On the first side of the substrate (solid lines 405) in FIG. 4, the antenna array 320 includes radio frequency feed port 335 selectively coupled to three antenna elements 405 a, 405 b and 405 c. Although three antenna elements are depicted in FIG. 4, more or fewer antenna elements can be implemented. Further, while antenna elements 405 a-405 c of FIG. 4 are oriented substantially to the edges of a triangular shaped substrate, other shapes and layouts, both symmetrical and non-symmetrical, can be implemented. Furthermore, the antenna elements 405 a-405 c need not be of identical dimension notwithstanding such a depiction in FIG. 4.
On the second side of the substrate, depicted as dashed lines in FIG. 4, the antenna array 320 includes a ground component 410 including portions 410 a, 410 b and 410 c. A portion 410 a of the ground component 410 can be configured to form a modified dipole in conjunction with the antenna element 405 a. Each of the ground components can be selectively coupled to a ground plane in the substrate 405 (not shown). As shown in FIG. 4, a dipole is completed for each of the antenna elements 405 a-405 c by respective conductive traces 410 a-410 c extending in mutually opposite directions. The resultant modified dipole provides a horizontally polarized directional radiation pattern (i.e., substantially in the plane of the antenna array 320).
To minimize or reduce the size of the antenna array 320, each of the modified dipoles (e.g., the antenna element 405 a and the portion 410 a of the ground component) may incorporate one or more loading structures 420. For clarity of illustration, only the loading structures 420 for the modified dipole formed from antenna element 405 a and portion 410 a are numbered in FIG. 4. By configuring loading structure 420 to slow down electrons and change the resonance of each modified dipole, the modified dipole becomes electrically shorter. In other words, at a given operating frequency, providing the loading structures 420 reduces the dimension of the modified dipole. Providing the loading structures 420 for one or more of the modified dipoles of the antenna array 320 minimizes the size of the loading structure 420.
Antenna selector 215 of FIG. 2 can be used to couple the radio frequency feed port 335 to one or more of the antenna elements within the antenna element array 320. The antenna selector 215 may include an RF switching devices, such as diode switches 225, 230, 235 of FIG. 2, a GaAs FET, or other RF switching devices to select one or more antenna elements of antenna element array 320. For the exemplary horizontal antenna array 320 illustrated in FIG. 3, the antenna element selector can include three PIN diodes, each PIN diode connecting one of the antenna elements 405 a-405 c (FIG. 4) to the radio frequency feed port 335. In this embodiment, the PIN diode comprises a single-pole single-throw switch to switch each antenna element either on or off (i.e., couple or decouple each of the antenna elements 405 a-405 c to the radio frequency feed port 335).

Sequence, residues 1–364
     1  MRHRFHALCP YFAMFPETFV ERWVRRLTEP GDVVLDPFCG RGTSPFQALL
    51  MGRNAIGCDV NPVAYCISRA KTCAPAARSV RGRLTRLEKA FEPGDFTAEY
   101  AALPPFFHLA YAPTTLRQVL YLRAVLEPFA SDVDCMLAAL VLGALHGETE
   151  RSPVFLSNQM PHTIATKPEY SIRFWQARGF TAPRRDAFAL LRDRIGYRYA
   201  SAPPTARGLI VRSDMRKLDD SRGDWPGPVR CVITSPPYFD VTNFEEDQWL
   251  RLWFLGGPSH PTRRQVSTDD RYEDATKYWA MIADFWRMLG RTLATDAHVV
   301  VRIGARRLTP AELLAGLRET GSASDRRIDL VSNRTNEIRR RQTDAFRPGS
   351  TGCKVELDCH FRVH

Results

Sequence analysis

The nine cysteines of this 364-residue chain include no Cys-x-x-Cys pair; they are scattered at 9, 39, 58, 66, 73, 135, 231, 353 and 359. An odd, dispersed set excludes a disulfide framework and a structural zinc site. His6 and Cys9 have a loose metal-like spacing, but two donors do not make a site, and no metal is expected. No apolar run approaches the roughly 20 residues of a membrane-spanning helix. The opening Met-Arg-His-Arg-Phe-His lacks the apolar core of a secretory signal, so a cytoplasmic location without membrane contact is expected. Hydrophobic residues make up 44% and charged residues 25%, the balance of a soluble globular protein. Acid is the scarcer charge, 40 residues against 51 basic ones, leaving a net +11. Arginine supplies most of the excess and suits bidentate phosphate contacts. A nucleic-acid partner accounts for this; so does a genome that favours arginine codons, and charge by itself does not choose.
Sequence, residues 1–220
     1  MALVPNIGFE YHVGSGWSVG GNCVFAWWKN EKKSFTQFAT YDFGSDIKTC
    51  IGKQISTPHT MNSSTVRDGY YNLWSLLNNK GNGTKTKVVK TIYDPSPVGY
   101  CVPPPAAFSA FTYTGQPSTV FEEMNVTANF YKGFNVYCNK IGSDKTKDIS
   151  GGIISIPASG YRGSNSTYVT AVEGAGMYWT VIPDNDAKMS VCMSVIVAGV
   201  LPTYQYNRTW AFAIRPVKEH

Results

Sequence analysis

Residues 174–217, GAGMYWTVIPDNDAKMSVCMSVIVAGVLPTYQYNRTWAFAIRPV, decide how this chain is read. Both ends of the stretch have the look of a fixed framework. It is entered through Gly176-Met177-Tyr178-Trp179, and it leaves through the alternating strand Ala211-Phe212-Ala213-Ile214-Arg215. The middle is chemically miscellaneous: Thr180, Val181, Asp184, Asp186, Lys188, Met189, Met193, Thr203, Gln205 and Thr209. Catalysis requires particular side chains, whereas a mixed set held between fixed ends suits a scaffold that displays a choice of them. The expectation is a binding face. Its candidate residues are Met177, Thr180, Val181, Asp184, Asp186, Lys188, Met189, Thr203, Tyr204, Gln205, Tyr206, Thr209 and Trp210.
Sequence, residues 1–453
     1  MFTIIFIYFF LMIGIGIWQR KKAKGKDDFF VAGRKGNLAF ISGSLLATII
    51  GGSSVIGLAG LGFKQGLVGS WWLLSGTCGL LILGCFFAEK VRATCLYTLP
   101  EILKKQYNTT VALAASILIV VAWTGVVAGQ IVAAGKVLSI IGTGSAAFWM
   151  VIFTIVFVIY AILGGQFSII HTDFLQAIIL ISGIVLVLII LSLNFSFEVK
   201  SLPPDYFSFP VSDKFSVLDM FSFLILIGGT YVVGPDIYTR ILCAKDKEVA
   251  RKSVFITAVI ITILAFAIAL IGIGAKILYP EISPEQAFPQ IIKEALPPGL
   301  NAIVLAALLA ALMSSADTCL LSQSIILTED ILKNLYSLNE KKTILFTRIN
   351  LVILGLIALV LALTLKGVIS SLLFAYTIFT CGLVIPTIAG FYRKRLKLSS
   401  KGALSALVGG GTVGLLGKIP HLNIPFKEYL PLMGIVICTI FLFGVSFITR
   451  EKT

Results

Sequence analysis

A series of control signals can be used to bias each PIN diode. With the PIN diode forward biased and conducting a DC current, the PIN diode switch is on, and the corresponding antenna element is selected. With the diode reverse biased, the PIN diode switch is off. In this embodiment, the radio frequency feed port 335 and the PIN diodes of the antenna element selector are on the side of the substrate with the antenna elements 405 a-405 c, however, other embodiments separate the radio frequency feed port 335, the antenna element selector, and the antenna elements 405 a-405 c.
One or more light emitting diodes (LED) (not shown) can be coupled to the antenna element selector. The LEDs function as a visual indicator of which of the antenna elements 405 a-405 c is on or off. In one embodiment, an LED is placed in circuit with the PIN diode so that the LED is lit when the corresponding antenna element 410 is selected.
The antenna components (e.g., the antenna elements 405 a-405 c, the ground component 410, and the reflector/directors directors 305, 310 and 315) are formed from RF conductive material. For example, the antenna elements 405 a-405 c and the ground component 410 can be formed from metal or other RF conducting material. Rather than being provided on opposing sides of the substrate as shown in FIG. 4, each antenna element 405 a-405 c is coplanar with the ground component 410.
The antenna components can be conformally mounted to a housing. The antenna element selector comprises a separate structure (not shown) from the antenna elements 405 a-405 c in such an embodiment. The antenna element selector can be mounted on a relatively small PCB, and the PCB can be electrically coupled to the antenna elements 405 a-405 c. In some embodiments, a switch PCB is soldered directly to the antenna elements 405 a-405 c.
Antenna elements 405 a-405 c can be selected to produce a radiation pattern that is less directional than the radiation pattern of a single antenna element. For example, selecting all of the antenna elements 405 a-405 c results in a substantially omnidirectional radiation pattern that has less directionality than the directional radiation pattern of a single antenna element. Similarly, selecting two or more antenna elements may result in a substantially omnidirectional radiation pattern. In this fashion, selecting a subset of the antenna elements 405 a-405 c, or substantially all of the antenna elements 405 a-405 c, may result in a substantially omnidirectional radiation pattern for the antenna array 320.
Reflector/directors 305, 310, 315 and 340 may further constrain the directional radiation pattern of one or more of the antenna elements 405 a-405 c in azimuth. Other benefits with respect to selectable configurations are disclosed in U.S. patent application Ser. No. 11/041,145 filed Jan. 21, 2005 and entitled “System and Method for a Minimized Antenna Apparatus with Selectable Elements,” the disclosure of which is incorporated herein by reference.